I work in the garden on Sundays, only stopping for a drink of water from the cooler. Once I start, I want to keep going. If I take a break, I realize how exhausted I am and find it hard to get back in the rhythm.
At 2:45, Rachel calls from the back door. “Mark, are you planning to visit your mother today?”
I’m bagging the clippings from the juniper bushes along the back fence. I shout to her, “Yes. I’m coming inside in a minute.”
On the deck, I sink into a lawn chair and remove my work boots. In the shade, my sweat is clammy and my T-shirt sticks to my back. My arms itch from the juniper branches. Through the open French doors, I hear the cooking show Rachel is watching on cable. She hits ‘mute.’ “I didn’t mean to interrupt you. I’m not forcing you to go.”
“I was ready to stop. Do you want to go with me?” I’d enjoy the company.
Rachel twists her mouth and shakes her head. “Have you eaten anything since breakfast?”
“I’ll make something for you to eat on the way— Oh, don’t bring that filthy T-shirt into the house.”
“It stinks too.” I roll the T-shirt into a ball to toss at her.
“Don’t you dare.”
I laugh and start climbing the stairs.
“You can’t work all day without eating. I’ll be taking you to the hospital if you don’t—” The TV drowns out the rest of her sentence.
The tepid shower relaxes me. I don’t have the energy to trek to the nursing home. All I want is a nap. I build up a froth of suds, accidentally flicking soap in both eyes. I pull down my lower lids to help flush my eyes. God, the soap stings like Hell! Clenching my eyes tight against the pain, I turn off the shower and grope for my towel on the floor. My feet slip on the soap scum and my knee bangs on the edge of the tub. Squinting out of one eye is painful and now I’m limping.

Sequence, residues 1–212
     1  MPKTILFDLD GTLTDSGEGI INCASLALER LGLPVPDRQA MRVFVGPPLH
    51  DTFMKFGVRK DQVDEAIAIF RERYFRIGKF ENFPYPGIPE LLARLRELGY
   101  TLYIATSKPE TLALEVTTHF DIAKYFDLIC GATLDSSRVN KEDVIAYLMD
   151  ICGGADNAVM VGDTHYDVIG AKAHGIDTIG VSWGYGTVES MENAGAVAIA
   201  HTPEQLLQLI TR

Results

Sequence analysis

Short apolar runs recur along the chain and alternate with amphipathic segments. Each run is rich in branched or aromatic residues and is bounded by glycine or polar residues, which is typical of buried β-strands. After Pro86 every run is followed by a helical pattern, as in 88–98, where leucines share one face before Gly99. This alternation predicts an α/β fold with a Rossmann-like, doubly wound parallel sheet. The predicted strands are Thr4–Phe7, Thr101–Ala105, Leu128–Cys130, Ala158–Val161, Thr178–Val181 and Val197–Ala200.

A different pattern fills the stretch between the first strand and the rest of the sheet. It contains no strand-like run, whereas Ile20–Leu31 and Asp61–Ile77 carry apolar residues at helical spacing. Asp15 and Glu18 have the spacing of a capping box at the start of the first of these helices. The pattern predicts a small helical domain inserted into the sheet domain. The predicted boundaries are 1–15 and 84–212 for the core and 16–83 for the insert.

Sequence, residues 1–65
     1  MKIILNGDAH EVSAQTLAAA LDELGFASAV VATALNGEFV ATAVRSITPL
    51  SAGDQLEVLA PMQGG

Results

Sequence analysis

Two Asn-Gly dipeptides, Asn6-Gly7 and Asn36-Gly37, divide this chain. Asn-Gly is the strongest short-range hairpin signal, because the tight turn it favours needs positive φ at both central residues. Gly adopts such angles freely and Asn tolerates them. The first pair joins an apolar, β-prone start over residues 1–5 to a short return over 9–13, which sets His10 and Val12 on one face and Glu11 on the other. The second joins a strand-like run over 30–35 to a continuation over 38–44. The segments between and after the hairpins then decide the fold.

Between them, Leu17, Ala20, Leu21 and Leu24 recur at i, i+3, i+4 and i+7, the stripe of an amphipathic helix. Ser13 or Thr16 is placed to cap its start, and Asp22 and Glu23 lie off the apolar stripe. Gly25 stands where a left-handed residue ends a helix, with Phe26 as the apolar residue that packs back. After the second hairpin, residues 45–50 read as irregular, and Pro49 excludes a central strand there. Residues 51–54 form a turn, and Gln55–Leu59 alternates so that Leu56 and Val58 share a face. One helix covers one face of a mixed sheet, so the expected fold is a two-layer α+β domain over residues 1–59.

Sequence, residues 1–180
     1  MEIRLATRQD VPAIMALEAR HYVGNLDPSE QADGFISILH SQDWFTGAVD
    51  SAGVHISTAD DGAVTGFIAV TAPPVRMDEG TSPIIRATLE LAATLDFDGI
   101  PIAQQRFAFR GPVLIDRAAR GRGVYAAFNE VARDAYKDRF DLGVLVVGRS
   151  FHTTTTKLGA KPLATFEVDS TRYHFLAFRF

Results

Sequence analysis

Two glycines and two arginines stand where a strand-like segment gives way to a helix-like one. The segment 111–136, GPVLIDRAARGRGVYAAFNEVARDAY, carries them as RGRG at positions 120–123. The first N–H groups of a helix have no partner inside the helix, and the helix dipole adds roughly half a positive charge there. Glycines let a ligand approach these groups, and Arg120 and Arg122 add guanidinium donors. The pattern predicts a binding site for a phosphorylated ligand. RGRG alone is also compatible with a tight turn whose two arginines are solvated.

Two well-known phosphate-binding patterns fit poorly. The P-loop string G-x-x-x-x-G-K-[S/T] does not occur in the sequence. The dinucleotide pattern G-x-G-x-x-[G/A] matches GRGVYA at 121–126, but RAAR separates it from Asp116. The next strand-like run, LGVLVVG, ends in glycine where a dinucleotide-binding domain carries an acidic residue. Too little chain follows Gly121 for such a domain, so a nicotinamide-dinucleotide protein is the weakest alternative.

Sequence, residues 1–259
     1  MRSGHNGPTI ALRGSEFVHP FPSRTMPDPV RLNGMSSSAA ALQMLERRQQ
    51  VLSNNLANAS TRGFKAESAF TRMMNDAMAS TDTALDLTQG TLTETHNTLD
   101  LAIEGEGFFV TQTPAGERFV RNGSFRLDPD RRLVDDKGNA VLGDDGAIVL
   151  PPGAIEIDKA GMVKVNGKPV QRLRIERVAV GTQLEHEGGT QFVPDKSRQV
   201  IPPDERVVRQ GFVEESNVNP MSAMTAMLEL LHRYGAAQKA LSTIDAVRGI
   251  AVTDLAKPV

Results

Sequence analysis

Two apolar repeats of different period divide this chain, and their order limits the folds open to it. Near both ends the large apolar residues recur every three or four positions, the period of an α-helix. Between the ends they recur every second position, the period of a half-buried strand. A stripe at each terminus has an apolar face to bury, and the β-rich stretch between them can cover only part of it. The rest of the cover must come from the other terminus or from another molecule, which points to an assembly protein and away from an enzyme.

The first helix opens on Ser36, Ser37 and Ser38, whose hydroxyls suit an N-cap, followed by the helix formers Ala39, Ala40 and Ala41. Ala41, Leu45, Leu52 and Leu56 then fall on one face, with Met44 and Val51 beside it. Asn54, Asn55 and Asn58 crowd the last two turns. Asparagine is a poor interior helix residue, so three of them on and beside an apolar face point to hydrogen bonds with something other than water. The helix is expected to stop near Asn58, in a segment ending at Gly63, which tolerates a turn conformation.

In the bedroom, I turn on the fan and let the air dry my body. I lie back on the bed burying my face in the cold washcloth. My eyeballs feel like they’ve been scraped raw. The sunlight through the window turns the inside of my eyelids a bright orange. I can’t go to the nursing home now. I’m tired, my eyes are swollen, and a rash from brushing against the juniper bushes itches along both arms. Plus, my knee is throbbing.
I try to convince myself to make the effort. I’ll relax when I return home. Or I can visit Mom tomorrow after work. She won’t remember I missed the weekend. The fan makes me cold and I draw the sheet up to my neck. The sound of lawnmowers and children playing in the street make me drowsy. I let go and sink into a delicious unconsciousness…
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